Results

Background characteristics of subjects

A total of 198 TGW completed the questionnaire (Table 1). They had an average age of 33.5 years (standard deviation = 9.6; range: 18–62 years). Most participants had a junior high school education or above (92.4%), were single (77.3%), and had a monthly income of 3001–6000 CNY (48.5%). Only 35.4% were local residents, with the rest 64.6% migrating to Shenyang. Nearly half the subjects (47.0%) reported CCU; the CCU rates with regular sexual partners, casual sexual partners, and transactional sexual partners were 26.3, 28.8, and 59.1%, respectively. CCU subjects were significantly younger (31.9 vs. 34.9 years; P = 0.030) and tended to be better educated than non-CCU subjects (62.3% vs. 40.0% with senior high school level or above; P = 0.005).

Table 1 Background characteristics of all subjects and comparisons between CCU and non-CCU subjects

Bivariate associations between variables

The bivariate correlations among the IMB model constructs are shown in Table 2. HIV knowledge did not correlate with any model variables (attitude toward condom use: r = 0.124, P = 0.083; subjective norms: r = 0.040, P = 0.571; condom use skills: r = 0.038, P = 0.594; self-efficacy: r = 0.027, P = 0.708; condom use frequency: r = − 0.030, P = 0.670). Condom use frequency was associated with all variables except HIV knowledge and subjective norms (r = 0.030, P = 0.673). Apart from the aforementioned correlations, all the variables were significantly associated with the other ones.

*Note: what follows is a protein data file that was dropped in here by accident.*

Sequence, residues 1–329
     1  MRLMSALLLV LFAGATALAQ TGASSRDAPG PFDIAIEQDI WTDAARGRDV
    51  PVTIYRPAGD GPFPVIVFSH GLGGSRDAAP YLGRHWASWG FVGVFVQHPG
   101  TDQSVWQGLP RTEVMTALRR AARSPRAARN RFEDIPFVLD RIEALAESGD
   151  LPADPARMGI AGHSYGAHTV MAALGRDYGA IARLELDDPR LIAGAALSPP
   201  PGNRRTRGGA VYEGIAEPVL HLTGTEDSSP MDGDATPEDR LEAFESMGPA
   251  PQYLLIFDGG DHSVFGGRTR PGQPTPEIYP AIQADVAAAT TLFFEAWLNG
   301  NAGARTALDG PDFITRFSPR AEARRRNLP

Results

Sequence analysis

Table 2 Spearman’s correlation analysis of IMB model constructs

Confirmatory factor analysis

The model fit indices indicated an acceptable model fit: χ2 = 0.046, df = 1, χ2/df ratio = 0.046 < 3, CFI = 1.000 > 0.90, and RMSEA = 0.000 <  0.08. Given the overall fit of the data to the model, no additional paths or co-variances were added.

Table 3 shows the ranges, medians, interquartile ranges, and factor loadings for the IMB model constructs. The median percentage of correct responses to HIV knowledge was 61.1% (11.0/18). The median scores for attitude toward condom use, subjective norms, condom use skills, self-efficacy, and condom use frequency was 23.0/30 (76.7%), 16.0/20 (80.0%), 26.0/30 (86.7%), 28.0/30 (93.3%), 3.5/4 (87.5%), respectively. All factor loadings in the model were significant (P < 0.001), indicating that the hypothesized latent construct predicted its proposed manifest indicators well.

Table 3 Ranges, medians, interquartile ranges, and factor loadings for the IMB model constructs

The IMB model